Why a brokered convention won’t stop Trump

Why a brokered convention won’t stop Trump

The Republican nomination

It is now Trump v Cruz. Lay anyone else.

Let’s talk brokered conventions, always a topic to set the pulses of political anoraks racing. We can deal with the Democrats briefly. Bernie might take Hillary all the way to the convention but if he does, he’ll lose just as she did against Obama eight years ago. It’s quite possible that Sanders will deny Clinton the victories she needs to assure herself of the nomination without superdelegates but those party officials will be more than enough to give her the crown.

The Republican race is a different matter, with two front-runners and two others still hoping to somehow end up in the mix. Four candidates might be enough to prevent any of them from winning 50% of the pledged delegates, never mind 50% overall (though the Republicans have fewer superdelegate-types). Suppose Rubio confounds the polls and wins Florida while Kasich picks up Ohio. Not only will that deny about 5% of the delegates to both front-runners but it would also keep the second string in the race until well into April, possibly to the convention itself. The winner-take-all contests may provide Trump or Cruz with unstoppable momentum but if the states are split then the race will go all the way.

So far, the thinking surrounding a brokered convention has been rather more fanciful than practical. There are two good reasons why it will not reject Trump and Cruz and pick someone like Paul Ryan instead (much as some in the Republican Party might like to): party rules and political realities.

The importance of the rules can be overstated – all rules can be amended or abolished by the convention itself – but they’re still a pretty good guide as to what to expect. Those rules mean that delegates are bound on the first ballot, ensuring that Trump and Cruz would start way clear of the field even if neither takes Florida or Ohio.

Also, RNC Rule 40 restricts the candidates that the floor can vote for to those who have a majority in a set number of states. For 2012, eight states were needed. So far, Rubio has only one – Puerto Rico – and Kasich none (Rubio also has a plurality but not a majority in a second delegation following his win in Minnesota). That rule might be amended but so far they’re a long way from being eligible even for consideration – and Cruz and Trump both have an interest in keeping it that way. The same restriction rules out Ryan, Romney and anyone else.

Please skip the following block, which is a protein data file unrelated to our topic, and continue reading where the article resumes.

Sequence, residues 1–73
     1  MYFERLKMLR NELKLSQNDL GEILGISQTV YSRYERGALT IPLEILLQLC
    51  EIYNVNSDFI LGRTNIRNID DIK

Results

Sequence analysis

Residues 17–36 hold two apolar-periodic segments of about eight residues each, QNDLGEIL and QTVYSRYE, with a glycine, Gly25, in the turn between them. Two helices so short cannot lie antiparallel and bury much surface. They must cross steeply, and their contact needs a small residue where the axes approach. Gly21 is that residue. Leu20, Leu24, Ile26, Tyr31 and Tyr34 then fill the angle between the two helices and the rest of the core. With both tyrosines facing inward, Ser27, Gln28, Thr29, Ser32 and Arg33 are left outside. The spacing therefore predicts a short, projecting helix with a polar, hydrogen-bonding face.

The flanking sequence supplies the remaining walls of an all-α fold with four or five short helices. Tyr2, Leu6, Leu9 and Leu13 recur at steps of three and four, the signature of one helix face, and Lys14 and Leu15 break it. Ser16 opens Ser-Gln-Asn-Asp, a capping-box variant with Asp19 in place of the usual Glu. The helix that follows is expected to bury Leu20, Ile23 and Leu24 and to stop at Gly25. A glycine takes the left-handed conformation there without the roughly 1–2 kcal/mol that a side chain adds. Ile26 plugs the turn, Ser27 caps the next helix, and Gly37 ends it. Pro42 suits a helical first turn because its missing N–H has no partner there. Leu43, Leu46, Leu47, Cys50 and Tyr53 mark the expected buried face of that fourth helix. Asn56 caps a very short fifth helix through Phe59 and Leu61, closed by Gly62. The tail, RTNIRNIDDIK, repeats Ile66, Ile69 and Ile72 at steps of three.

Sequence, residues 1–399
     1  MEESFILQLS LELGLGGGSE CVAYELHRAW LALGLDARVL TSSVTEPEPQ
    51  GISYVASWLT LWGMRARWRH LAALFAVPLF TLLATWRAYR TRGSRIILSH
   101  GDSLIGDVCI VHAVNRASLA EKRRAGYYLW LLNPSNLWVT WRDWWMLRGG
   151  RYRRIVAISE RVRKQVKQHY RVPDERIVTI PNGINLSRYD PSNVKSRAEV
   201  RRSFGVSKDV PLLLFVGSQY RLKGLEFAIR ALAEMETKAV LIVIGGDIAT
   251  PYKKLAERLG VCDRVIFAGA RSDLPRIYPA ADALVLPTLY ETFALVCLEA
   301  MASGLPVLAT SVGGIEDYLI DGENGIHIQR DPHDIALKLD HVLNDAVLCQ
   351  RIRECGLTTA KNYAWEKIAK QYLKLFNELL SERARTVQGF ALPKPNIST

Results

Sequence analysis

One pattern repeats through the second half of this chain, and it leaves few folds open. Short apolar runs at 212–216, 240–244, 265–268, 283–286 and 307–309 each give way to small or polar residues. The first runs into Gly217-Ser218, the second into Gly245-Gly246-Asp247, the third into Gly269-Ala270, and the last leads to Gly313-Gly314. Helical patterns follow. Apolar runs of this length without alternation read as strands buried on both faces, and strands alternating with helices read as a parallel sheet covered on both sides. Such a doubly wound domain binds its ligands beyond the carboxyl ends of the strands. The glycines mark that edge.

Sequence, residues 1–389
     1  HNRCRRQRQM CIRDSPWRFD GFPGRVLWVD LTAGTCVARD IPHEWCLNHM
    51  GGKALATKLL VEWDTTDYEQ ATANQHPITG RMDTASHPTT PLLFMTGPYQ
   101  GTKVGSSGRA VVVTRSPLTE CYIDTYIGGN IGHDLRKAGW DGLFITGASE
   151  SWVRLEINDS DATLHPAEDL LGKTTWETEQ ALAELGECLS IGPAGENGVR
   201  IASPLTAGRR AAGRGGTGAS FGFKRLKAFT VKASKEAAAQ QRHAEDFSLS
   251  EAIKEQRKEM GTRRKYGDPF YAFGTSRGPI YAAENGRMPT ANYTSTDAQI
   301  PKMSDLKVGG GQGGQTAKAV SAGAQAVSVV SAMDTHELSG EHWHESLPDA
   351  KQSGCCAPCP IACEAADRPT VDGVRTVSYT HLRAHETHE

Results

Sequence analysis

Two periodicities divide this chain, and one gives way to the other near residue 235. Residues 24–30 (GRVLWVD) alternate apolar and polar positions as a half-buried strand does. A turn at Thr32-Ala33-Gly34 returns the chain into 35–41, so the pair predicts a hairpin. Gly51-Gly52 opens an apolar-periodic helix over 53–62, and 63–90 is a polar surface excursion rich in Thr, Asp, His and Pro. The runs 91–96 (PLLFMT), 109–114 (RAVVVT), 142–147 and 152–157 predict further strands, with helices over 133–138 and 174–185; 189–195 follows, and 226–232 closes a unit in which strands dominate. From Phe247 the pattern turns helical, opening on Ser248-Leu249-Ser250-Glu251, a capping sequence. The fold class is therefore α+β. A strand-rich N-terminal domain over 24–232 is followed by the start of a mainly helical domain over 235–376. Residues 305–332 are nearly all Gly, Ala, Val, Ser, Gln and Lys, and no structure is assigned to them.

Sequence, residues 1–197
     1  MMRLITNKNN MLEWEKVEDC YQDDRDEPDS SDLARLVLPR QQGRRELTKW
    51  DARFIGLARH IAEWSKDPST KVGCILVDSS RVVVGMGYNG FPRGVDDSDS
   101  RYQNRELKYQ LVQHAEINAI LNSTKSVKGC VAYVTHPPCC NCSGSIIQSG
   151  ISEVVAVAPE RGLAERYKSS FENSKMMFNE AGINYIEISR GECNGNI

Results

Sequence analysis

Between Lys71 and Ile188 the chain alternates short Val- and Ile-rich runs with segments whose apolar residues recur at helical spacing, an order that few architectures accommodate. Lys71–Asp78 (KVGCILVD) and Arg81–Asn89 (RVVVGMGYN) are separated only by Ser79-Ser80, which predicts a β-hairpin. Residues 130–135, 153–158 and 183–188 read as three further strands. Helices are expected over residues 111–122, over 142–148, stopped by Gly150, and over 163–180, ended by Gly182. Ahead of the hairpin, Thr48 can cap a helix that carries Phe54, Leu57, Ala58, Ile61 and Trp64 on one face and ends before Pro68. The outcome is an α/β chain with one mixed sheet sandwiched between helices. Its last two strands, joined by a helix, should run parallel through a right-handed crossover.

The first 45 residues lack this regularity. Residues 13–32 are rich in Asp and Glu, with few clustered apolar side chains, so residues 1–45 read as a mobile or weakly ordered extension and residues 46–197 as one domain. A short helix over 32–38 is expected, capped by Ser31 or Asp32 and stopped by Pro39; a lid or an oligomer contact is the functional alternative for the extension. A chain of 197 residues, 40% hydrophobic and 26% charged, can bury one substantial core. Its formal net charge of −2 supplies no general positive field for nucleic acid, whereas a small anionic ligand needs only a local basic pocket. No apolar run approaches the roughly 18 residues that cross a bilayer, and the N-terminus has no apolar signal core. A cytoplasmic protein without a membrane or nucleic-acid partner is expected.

Even more powerful than the rules are the perceptions. For the convention to reject both front-runners in favour of an also-ran or a never-ran would kick up such a row as the party hasn’t seen in more than a century. The rejected candidates’ supporters and voters could rightly feel that they’d had the nomination stolen from them and would no doubt say so vociferously. Neither Trump nor Cruz are known for their restraint. Trump in particular has the capacity to go rogue and if his claims of having turned down large proffered donations are true, he potentially has a lot of funding available. Indeed, were both leading candidates passed over, I wouldn’t rule out the possibility of a Trump-Cruz independent ticket.

But if the chances of a minor candidate receiving the nomination are next to zero, what of the chances of Cruz himself acting as the stop-Trump? Two points here. Firstly, he’s quite a long way behind the Donald already and likely to drop further back: his current position is bolstered by Texas having already voted – he won’t get that home-state boost again. Trump still has close to double Cruz’s national vote share and leads Cruz in the recent polling for Tuesday’s primary states. Unless that changes quickly and substantially, a Cruz nomination would still look like robbery. And secondly, Cruz may be even more anathema to the GOP hierarchy than Trump; the New Yorker at least shows some flexibility in his operating. Why waste all that political capital replacing one bad option with another?

Donald Trump is very far from being the Republican party’s ideal presidential nominee. As such, talk will continue for weeks or even months as to how to stop him. Ignore it. He cannot be stopped now unless he stops himself.

David Herdson

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